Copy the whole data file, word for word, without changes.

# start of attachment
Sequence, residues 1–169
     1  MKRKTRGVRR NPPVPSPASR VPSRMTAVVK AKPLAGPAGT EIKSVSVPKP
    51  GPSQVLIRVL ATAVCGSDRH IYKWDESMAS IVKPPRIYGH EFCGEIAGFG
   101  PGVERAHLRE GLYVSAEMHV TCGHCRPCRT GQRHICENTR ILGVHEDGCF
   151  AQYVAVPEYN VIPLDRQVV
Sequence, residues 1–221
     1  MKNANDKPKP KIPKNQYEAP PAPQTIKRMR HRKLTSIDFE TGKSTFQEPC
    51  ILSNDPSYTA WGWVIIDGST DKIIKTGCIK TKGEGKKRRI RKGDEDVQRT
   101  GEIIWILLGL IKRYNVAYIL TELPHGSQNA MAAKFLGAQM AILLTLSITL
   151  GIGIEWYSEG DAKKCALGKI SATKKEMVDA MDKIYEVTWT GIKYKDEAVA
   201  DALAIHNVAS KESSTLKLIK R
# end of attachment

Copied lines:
Sequence, residues 1–169
     1  MKRKTRGVRR NPPVPSPASR VPSRMTAVVK AKPLAGPAGT EIKSVSVPKP
    51  GPSQVLIRVL ATAVCGSDRH IYKWDESMAS IVKPPRIYGH EFCGEIAGFG
   101  PGVERAHLRE GLYVSAEMHV TCGHCRPCRT GQRHICENTR ILGVHEDGCF
   151  AQYVAVPEYN VIPLDRQVV
Sequence, residues 1–221
     1  MKNANDKPKP KIPKNQYEAP PAPQTIKRMR HRKLTSIDFE TGKSTFQEPC
    51  ILSNDPSYTA WGWVIIDGST DKIIKTGCIK TKGEGKKRRI RKGDEDVQRT
   101  GEIIWILLGL IKRYNVAYIL TELPHGSQNA MAAKFLGAQM AILLTLSITL
   151  GIGIEWYSEG DAKKCALGKI SATKKEMVDA MDKIYEVTWT GIKYKDEAVA
   201  DALAIHNVAS KESSTLKLIK R